AHS chapter observes FFA Week

Without agriculture, people all over the world wouldn't have food or most of their clothing or shelter.

That makes the industry worthy of a weeklong observance every year in Adam Joslin's eyes.

The first-year agricultural education teacher at Adairsville High said he doesn't know if the school's Future Farmers of America chapter has celebrated National FFA Week in the past, but "we plan on celebrating it every year from now on." 

"Most ag programs plan some type of activities during the week as a way to promote their program and overall promote the importance of agriculture to others in the community," he said. "Agriculture is the largest industry in Bartow County; it's the largest in Georgia, the United States and the world. Agriculture is where we get all of our food and most of our clothing and shelter. I think that makes it pretty important."

Joslin also said society has changed from "most people living on a farm to now only 1 to 3 percent of people actually living and working on a farm."

"This creates a challenge for this small percent of our society to produce enough food, fiber [and] shelter for the world's growing population," he said. "Agriculture has moved from everyone working on a farm to supporting these farmers by improvements in technology, biotechnology and support in marketing agricultural products."

The 130 ninth- through 12th-graders who belong to Adairsville's FFA chapter this year got to learn about different areas of agriculture during National FFA Week Feb. 17-24.  

The members heard presentations from Tona Morgan of the Bartow County Farm Bureau, Jordan Thompson of the Bartow County Lions Club, Tom Canada from Northwest Georgia Woodturners, beekeepers Victor Halbgewachs and Mike Roshaven and county extension agent Paul Pugliese during the week of activities.

"The speakers did a great job of presenting their material to the students," Joslin said. "Mr. Canada demonstrated how to use a lathe and gave away some of the tops he made in front of the students. Mr. Pugliese talked about the types of agriculture that is produced and marketed in Bartow County. He also talked about facts and myths about what is in the food we eat. Mr. Roshaven did a great job of explaining how to start a beehive and went into many problems that are facing the industry today. Bartow County Farm Bureau brought lots of brochures and treats for students, from pencils to honey to sample."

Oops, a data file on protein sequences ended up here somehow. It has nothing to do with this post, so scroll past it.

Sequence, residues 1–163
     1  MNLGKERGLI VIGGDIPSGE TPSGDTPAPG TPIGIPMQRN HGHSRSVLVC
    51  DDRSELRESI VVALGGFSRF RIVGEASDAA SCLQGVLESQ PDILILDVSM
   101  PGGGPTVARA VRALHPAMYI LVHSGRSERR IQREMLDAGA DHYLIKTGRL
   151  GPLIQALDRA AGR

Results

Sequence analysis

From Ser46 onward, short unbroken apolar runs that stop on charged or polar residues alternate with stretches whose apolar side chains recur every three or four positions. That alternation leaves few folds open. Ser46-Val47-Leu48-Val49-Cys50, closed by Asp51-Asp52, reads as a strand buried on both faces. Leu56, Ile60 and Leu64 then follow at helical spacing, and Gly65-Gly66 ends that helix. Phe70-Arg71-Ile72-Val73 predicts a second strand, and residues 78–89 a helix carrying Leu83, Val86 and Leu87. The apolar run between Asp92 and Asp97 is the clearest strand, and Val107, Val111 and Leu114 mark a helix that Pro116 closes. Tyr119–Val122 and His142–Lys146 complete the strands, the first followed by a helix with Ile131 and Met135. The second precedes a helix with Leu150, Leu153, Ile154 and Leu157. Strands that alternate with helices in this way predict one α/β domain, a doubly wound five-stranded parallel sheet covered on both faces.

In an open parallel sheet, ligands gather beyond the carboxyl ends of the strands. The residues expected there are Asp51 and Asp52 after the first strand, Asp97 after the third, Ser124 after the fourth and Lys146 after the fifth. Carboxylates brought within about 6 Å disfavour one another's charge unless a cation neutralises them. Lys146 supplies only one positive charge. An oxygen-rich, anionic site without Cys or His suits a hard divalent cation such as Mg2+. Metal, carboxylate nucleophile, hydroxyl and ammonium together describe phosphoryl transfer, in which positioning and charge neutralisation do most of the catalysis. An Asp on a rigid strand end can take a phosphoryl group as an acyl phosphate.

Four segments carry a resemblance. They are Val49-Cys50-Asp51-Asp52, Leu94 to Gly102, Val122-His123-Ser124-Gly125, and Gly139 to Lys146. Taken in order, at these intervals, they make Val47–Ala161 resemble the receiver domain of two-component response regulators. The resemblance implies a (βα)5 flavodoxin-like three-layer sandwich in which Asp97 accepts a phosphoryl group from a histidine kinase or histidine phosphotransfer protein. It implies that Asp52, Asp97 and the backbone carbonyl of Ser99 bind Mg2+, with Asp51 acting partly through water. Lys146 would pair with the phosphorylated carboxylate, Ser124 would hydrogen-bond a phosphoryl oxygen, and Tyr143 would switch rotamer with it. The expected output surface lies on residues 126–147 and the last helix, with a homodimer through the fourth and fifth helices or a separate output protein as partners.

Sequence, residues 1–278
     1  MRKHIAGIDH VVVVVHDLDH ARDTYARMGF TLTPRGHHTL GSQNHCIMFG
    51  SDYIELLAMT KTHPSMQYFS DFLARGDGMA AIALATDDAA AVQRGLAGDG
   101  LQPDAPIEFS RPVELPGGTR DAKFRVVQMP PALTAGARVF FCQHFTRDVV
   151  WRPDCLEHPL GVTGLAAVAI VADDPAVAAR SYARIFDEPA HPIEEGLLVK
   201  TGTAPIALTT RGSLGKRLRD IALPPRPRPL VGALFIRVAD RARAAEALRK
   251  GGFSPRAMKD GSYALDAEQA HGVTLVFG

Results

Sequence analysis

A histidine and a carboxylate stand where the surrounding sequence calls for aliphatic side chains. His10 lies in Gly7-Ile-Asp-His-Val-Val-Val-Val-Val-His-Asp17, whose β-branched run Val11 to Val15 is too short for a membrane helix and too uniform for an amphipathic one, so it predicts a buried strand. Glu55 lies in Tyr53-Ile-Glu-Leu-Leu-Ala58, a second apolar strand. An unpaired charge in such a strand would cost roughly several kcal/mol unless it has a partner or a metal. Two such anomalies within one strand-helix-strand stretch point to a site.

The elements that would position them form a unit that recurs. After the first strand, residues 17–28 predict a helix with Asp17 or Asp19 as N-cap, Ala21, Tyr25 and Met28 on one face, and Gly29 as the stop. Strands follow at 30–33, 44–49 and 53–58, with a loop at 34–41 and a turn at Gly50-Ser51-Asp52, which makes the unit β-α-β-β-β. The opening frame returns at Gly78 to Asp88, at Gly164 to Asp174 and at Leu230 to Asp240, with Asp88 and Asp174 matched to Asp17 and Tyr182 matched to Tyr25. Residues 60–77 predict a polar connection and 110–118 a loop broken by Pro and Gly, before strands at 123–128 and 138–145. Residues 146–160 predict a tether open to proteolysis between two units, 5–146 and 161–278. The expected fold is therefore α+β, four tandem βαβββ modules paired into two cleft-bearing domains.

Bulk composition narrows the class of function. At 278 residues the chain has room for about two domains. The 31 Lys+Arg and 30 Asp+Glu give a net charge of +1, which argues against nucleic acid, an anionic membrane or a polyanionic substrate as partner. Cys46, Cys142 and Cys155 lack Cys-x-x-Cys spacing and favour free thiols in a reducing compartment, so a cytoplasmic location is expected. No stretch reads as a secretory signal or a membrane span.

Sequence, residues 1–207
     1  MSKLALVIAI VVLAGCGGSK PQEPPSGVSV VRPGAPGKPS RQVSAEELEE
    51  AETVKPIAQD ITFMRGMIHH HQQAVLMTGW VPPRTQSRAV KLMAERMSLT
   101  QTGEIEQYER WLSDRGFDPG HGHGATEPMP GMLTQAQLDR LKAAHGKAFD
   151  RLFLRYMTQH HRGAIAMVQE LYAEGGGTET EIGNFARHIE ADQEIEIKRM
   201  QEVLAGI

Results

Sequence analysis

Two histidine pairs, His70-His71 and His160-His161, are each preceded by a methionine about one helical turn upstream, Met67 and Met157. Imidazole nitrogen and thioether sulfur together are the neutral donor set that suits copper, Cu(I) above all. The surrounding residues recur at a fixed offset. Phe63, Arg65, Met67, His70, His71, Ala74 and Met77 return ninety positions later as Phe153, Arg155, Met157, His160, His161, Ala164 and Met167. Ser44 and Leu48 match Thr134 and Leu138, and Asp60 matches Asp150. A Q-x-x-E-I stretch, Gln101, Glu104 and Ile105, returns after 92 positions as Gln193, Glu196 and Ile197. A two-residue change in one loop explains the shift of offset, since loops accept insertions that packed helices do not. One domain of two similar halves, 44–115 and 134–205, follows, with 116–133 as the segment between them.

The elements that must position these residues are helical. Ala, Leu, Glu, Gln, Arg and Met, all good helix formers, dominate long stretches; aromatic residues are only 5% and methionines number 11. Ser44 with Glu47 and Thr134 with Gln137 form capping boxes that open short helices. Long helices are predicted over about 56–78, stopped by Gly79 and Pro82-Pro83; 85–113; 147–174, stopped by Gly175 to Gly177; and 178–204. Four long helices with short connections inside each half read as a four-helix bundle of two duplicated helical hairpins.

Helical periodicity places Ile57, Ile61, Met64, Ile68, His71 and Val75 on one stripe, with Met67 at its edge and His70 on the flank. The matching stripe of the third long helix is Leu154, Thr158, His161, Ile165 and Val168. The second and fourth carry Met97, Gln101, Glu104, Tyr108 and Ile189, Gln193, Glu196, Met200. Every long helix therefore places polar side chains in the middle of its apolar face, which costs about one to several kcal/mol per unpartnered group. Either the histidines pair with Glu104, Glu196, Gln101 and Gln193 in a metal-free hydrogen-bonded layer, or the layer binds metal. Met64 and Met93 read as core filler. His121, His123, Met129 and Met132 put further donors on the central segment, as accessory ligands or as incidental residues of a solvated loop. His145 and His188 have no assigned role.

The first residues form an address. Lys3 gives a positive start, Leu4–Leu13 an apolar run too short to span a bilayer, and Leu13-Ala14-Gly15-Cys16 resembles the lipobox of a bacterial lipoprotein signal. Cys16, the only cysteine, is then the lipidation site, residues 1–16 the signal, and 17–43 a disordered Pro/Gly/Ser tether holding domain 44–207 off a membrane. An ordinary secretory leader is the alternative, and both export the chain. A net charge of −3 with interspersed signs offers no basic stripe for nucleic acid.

Besides making the spinning tops, Canada said he also "displayed a few examples of turned items for the students to observe."

"I would like to see the school system add the programs back that gave the students a program that they could build some hands-on skills that might be of a benefit later in life," he said, noting most club members "showed an interest" in his presentation.

Members also attended the local Lions Club meeting to "promote AHS FFA and talk about possible ways to partner to help build a trail for the blind at Dellinger Park," and the pre-K students at AHS "came by the greenhouse to help plant for the Spring Plant Sale," which will be later this year, he said.

And several members visited Riley’s Menswear to get measured for their official FFA jackets, he added.

Joslin said the mission of FFA is to "make a positive difference in the lives of students by developing their potential for premier leadership, personal growth and career success through agricultural education."

"There are over 650,000 student members nationwide," he said. "FFA grows leaders, builds communities and strengthens agriculture."

In addition to FFA Week, the AHS agriculture program "goes beyond classroom instruction by competing in realistic and hands-on career-development events," Joslin said.

This year, students have competed in land judging, tractor operations, environmental natural resources, lawnmower operations, electrical wiring, public speaking, wildlife management, livestock judging and FFA Quiz.

"We have also visited the FFA camp for two different leadership weekend retreats," the instructor said. "We are working on completing a community-service project."

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